Once signatures are added to a petition, they are valid for 180 days. On the day that the petition is submitted to the City Clerk, the signatures are preserved. 

VIII. Requesting Access to Public Information

In theory, we may know that we have access to information from public entities, but how do we take a peek at that information? And what information is available?

The Public Information Act (PIA) was put into place to allow citizens to examine and copy information of governmental bodies at the state, county, and local level. Some examples of public information you can access include land records, marriage licenses, police records, and assumed business names/DBAs. 

Not all governmental information, of course, is open to the public. Security plans, home addresses and family information, and judicial calendars are a few examples of information that’s not accessible under the PIA.

Under the PIA, governmental bodies are to release information within 10 days, unless further steps are needed. Before submitting a request, you can check the government’s database for public information that’s already been released, which could save you some time and hassle. 

It’s important to note that the PIA prevents governmental agencies from asking citizens why they made such a request, but it gives them the power to withhold information under certain circumstances.

You can submit a request for information through the state, county, or local government, either by mail, fax, email, in person, or on their respective websites. 

IX. Conclusion

Now that you’ve finished this booklet, you should have a better understanding of why local government matters, how it works, how it affects your daily life, and, most importantly, how to get involved. You can join a citizen board, sign a petition for a proposition, or attend a city council meeting to address issues that you are passionate about. Your level of engagement is up to you.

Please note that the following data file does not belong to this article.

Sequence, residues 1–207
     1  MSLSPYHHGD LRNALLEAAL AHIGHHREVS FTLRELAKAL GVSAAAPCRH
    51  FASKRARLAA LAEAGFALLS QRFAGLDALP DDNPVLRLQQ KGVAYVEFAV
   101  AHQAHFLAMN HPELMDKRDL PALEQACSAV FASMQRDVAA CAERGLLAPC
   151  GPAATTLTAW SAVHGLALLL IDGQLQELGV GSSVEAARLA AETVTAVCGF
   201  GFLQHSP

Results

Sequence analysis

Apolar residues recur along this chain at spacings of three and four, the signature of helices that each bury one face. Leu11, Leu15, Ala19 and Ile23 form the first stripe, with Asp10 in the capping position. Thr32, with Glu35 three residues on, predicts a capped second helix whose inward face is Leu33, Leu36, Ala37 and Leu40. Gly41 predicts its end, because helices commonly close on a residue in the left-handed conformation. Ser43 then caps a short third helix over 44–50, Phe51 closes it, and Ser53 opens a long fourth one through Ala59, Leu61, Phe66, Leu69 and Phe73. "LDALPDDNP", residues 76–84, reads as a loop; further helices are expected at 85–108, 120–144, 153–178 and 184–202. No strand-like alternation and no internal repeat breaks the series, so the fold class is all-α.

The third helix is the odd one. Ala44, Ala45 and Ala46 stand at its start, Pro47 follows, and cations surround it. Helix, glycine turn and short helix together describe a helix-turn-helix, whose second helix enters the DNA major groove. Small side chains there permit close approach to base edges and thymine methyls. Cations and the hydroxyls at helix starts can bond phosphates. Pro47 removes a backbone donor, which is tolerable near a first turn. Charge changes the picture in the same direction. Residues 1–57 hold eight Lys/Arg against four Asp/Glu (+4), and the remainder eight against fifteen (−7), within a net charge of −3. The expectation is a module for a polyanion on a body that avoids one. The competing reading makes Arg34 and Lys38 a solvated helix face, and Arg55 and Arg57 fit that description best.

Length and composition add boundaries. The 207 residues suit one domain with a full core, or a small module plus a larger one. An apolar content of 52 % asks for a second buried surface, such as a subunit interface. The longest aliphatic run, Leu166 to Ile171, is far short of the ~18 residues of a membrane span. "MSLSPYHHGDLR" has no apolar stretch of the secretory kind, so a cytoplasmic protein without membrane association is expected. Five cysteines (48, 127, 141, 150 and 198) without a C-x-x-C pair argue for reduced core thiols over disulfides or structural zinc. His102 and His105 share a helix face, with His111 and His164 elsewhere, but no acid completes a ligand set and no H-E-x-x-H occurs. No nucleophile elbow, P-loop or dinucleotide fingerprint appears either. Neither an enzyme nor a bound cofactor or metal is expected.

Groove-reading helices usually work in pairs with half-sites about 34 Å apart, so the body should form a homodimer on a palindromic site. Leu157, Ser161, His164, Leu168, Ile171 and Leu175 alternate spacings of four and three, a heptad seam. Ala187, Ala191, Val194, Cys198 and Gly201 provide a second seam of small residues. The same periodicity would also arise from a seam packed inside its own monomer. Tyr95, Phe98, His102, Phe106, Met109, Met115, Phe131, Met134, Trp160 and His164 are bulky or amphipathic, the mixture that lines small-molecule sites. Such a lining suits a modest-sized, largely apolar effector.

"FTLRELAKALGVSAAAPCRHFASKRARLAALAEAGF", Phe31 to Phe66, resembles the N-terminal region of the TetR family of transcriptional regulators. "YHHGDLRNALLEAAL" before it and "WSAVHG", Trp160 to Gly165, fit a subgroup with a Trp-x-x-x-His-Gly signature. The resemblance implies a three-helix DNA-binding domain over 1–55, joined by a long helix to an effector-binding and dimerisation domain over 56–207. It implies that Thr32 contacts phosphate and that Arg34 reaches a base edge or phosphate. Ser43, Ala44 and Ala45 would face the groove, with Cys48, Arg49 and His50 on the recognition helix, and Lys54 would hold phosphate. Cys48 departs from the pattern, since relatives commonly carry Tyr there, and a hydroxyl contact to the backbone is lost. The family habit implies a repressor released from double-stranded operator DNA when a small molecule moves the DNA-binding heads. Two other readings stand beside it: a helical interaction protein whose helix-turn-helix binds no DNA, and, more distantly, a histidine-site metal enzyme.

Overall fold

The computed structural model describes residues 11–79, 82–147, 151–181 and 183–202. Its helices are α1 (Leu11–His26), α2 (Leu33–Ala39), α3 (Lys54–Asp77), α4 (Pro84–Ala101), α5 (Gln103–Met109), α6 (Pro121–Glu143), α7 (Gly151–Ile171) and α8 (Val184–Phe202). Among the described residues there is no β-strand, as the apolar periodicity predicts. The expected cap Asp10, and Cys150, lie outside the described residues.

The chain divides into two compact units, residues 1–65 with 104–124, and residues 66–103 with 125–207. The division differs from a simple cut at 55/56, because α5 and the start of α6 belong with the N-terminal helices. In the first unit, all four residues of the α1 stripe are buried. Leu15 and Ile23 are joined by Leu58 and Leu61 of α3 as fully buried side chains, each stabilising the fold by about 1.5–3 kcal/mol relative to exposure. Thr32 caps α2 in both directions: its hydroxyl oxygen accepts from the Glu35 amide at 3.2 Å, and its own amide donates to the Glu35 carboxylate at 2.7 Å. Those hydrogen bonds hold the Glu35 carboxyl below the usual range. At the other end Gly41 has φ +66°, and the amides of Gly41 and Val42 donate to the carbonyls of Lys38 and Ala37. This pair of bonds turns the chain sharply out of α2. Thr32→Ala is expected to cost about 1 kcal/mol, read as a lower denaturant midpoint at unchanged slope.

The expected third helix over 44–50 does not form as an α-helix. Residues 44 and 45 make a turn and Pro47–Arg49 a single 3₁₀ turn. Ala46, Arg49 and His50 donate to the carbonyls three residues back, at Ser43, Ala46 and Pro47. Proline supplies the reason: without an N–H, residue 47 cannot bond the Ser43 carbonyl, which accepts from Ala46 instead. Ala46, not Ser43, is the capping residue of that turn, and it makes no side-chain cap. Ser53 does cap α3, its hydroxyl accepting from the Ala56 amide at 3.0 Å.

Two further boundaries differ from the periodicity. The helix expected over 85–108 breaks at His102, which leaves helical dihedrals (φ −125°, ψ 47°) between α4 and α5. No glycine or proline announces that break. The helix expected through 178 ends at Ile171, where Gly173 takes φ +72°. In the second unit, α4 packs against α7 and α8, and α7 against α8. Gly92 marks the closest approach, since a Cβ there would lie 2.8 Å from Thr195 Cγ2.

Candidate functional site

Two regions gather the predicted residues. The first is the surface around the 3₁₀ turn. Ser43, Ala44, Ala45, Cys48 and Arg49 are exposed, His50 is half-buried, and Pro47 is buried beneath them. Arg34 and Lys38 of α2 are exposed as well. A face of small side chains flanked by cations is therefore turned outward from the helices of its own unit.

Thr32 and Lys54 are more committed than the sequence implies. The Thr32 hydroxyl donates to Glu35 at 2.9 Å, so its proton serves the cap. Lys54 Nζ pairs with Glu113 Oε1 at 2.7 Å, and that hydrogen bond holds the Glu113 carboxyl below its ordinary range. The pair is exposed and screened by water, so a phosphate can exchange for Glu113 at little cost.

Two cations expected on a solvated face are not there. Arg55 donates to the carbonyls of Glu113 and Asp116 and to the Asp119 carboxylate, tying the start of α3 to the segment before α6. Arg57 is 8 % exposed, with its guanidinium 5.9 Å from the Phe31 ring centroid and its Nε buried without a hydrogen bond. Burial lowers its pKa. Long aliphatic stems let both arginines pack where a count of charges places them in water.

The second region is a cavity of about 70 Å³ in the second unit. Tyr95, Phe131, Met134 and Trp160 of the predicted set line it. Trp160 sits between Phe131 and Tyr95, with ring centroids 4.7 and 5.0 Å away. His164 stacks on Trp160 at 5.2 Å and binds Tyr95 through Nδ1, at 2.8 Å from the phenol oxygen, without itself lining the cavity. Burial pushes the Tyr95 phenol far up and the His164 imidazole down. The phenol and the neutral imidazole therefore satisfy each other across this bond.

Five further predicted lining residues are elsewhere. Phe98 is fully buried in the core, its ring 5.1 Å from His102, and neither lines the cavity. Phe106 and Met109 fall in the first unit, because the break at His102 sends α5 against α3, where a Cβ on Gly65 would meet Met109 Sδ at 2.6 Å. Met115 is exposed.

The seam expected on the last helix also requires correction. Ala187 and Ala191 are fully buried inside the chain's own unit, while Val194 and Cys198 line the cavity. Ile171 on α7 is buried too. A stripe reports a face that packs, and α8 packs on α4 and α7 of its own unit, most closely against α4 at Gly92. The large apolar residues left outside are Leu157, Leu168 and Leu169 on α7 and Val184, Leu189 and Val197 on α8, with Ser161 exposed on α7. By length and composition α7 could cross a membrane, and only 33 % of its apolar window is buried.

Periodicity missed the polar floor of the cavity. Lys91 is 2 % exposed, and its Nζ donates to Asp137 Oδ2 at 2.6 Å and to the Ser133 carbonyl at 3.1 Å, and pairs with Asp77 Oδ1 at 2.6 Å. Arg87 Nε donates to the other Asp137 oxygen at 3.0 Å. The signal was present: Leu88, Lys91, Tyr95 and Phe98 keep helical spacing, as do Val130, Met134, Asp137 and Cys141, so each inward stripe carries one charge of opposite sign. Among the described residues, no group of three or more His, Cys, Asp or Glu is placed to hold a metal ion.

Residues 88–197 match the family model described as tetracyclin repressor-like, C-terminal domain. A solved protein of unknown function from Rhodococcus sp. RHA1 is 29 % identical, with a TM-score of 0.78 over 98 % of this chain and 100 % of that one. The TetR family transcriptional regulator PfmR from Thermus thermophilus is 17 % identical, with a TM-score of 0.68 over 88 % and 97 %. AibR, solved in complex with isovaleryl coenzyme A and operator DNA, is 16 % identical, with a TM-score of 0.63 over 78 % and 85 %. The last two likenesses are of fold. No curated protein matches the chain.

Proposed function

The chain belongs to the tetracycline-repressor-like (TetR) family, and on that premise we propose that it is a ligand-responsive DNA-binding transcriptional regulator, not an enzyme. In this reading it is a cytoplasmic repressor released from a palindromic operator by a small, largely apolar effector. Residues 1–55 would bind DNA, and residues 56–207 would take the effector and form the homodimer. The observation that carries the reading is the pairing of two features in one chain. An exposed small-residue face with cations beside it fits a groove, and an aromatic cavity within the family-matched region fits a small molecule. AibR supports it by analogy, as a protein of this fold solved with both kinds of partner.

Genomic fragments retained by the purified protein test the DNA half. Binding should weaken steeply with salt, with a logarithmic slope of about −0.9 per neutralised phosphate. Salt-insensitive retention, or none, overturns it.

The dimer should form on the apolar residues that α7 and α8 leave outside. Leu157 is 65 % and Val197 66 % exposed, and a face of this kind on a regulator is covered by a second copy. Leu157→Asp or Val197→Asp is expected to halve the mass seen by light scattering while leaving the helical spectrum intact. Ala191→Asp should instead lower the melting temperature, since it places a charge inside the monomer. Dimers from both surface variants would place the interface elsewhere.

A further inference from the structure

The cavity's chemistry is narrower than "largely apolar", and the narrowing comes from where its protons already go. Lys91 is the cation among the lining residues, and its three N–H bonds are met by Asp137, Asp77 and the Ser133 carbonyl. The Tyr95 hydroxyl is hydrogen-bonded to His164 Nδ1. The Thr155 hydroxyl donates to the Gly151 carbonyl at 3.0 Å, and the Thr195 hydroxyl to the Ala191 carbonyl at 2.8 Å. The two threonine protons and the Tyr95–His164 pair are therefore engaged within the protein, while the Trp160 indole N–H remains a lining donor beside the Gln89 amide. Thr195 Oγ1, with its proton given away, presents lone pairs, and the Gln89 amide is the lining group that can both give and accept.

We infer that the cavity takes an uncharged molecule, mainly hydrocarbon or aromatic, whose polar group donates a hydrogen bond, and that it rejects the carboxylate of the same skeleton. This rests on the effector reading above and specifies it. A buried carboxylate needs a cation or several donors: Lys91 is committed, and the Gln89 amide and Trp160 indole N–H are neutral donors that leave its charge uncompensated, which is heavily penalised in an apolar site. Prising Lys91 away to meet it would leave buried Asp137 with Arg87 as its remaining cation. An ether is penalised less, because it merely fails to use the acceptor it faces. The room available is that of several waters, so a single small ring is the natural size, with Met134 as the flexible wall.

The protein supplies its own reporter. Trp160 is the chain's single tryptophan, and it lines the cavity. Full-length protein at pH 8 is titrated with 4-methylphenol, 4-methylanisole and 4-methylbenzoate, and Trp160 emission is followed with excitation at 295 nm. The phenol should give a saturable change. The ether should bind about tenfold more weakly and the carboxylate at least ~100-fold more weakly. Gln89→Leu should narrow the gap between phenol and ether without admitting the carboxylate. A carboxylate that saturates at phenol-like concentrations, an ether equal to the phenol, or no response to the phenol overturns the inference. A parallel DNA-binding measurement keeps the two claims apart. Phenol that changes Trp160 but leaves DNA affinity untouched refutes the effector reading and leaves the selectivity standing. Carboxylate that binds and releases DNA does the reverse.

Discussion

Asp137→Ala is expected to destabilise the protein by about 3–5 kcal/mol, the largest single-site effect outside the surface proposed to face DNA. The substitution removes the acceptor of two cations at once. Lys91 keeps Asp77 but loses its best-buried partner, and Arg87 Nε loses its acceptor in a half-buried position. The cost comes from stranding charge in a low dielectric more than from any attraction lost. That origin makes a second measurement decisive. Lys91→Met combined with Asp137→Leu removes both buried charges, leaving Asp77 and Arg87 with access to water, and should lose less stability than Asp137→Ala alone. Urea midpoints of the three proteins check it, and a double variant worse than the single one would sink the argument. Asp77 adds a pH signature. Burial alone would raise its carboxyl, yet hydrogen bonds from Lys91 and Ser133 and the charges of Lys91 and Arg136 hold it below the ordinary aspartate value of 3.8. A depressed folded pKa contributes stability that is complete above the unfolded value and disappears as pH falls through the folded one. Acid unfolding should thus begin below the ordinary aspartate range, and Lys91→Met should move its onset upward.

Although our local government is not perfect, it is a system that strives to allow community involvement and for peoples’ voices to directly affect the policies that are enacted in San Antonio. After all, the local government and the people of this community should have one common goal: to make San Antonio, the city we call home, an even better place to live. 

There are several other entities that residents can engage with, including:

  • public school districts 
  • higher education (such as university or community college boards)
  • other municipalities within Bexar County such as Leon Valley, Balcones Heights, Olmos Park, Alamo Heights, and Terrell Hills)
  • San Antonio River Authority
  • Alamo Area Council of Governments
  • VIA Metropolitan Transit

Test your knowledge of local government


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Local Gov 101 is also available in a print booklet. The San Antonio Report has a limited number of printed copies available; for inquiries, please email business@sareport.org. You also will find printed copies distributed throughout the city thanks to our partner local nonprofits and school districts.

Do you have questions about this project? Contact us at hello@sareport.org.

THANK YOU TO THE SUMNERS FOUNDATION FOR UNDERWRITING THE SAN ANTONIO REPORT’S CIVIC GUIDE.


Special thanks to our collaborators:
Ana Ruiz, graphic designer
Kyle and Kody Anderson, Mythos Writing, copywriters
Sonja Leix, web designer
San Antonio Report editorial and business teams